Massachusetts Court Protects Medical Marijuana Use by Employees
Massachusetts’ highest court ruled that employers cannot fire employees who have a prescription to use medical marijuana with the sole reason being the employee’s use of the drug. The case arose from the firing of a prescribed patient of medical marijuana testing positive for marijuana on a company drug test. She had just been hired and made the company aware of her medical marijuana use, which the company had said should not be an issue. However, during her second day at the job she was fired for the failed drug test.
The employee sought a legal remedy, eventually being heard on appeal by the Supreme Judicial Court in Massachusetts. The Court found that the employee did not have an implied statutory cause of action under the medical marijuana act, but could seek a civil remedy against her employer through claims of handicap discrimination. Massachusetts handicap discrimination law provides that it is “unlawful practice . . . [f]or any employer . . . to dismiss from employment or refuse to hire . . . , because of [her] handicap, any person alleging to be a qualified handicapped person, capable of performing the essential functions of the position involved with reasonable accommodation, unless the employer can demonstrate that the accommodation required to be made to the physical or mental limitations of the person would impose an undue hardship to the employer’s business.”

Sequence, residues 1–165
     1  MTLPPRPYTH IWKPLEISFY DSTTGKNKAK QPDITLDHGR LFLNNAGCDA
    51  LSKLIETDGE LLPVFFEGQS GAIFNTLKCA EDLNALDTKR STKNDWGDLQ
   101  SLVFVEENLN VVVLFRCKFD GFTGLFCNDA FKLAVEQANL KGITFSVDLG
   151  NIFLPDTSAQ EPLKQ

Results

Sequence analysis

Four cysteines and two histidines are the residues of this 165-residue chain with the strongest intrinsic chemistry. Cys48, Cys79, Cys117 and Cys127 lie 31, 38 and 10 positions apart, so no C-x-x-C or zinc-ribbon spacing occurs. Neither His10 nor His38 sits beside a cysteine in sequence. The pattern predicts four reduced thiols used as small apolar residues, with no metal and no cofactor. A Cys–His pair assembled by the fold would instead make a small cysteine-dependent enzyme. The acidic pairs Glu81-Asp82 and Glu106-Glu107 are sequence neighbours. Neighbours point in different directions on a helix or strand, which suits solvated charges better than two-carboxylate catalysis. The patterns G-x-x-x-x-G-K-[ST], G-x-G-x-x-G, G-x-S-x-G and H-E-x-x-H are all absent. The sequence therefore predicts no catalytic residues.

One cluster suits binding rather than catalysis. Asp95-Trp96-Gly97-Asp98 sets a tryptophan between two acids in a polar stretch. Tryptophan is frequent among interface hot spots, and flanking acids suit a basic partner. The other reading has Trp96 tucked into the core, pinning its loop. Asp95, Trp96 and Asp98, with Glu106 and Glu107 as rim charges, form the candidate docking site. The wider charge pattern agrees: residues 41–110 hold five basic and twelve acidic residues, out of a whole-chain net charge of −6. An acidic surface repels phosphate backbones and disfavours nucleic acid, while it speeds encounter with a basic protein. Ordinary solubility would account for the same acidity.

The employer argued the firing was justified because marijuana is illegal under federal law and allowing the employee to smoke marijuana, even during non-working hours exceeded the “reasonable accommodation” requirement in the handicap discrimination law. The Court responded by stating the only person at risk of federal criminal prosecution for possession of marijuana is the employee, not the employer.
The Court recognized the use and possession of medical marijuana is the same as the possession and use of any other prescribed medicine under Massachusetts law. The Court found it akin to telling a diabetic that their use of insulin was a violation of company policy.
If the employer can demonstrate that making the accommodation would create an undue hardship for the company then the employee could effectively be denied employment solely because of their use of medical marijuana. However, when this case is heard in trial court it is unlikely an undue hardship will be found. The only accommodation is to allow the employee to use medical marijuana outside of work hours.
What is deemed an undue hardship will be determined on a case-to-case basis. This is a win for medical marijuana users in Massachusetts, however, how the courts will determine what is considered an undue hardship in these types of cases is yet to be seen.
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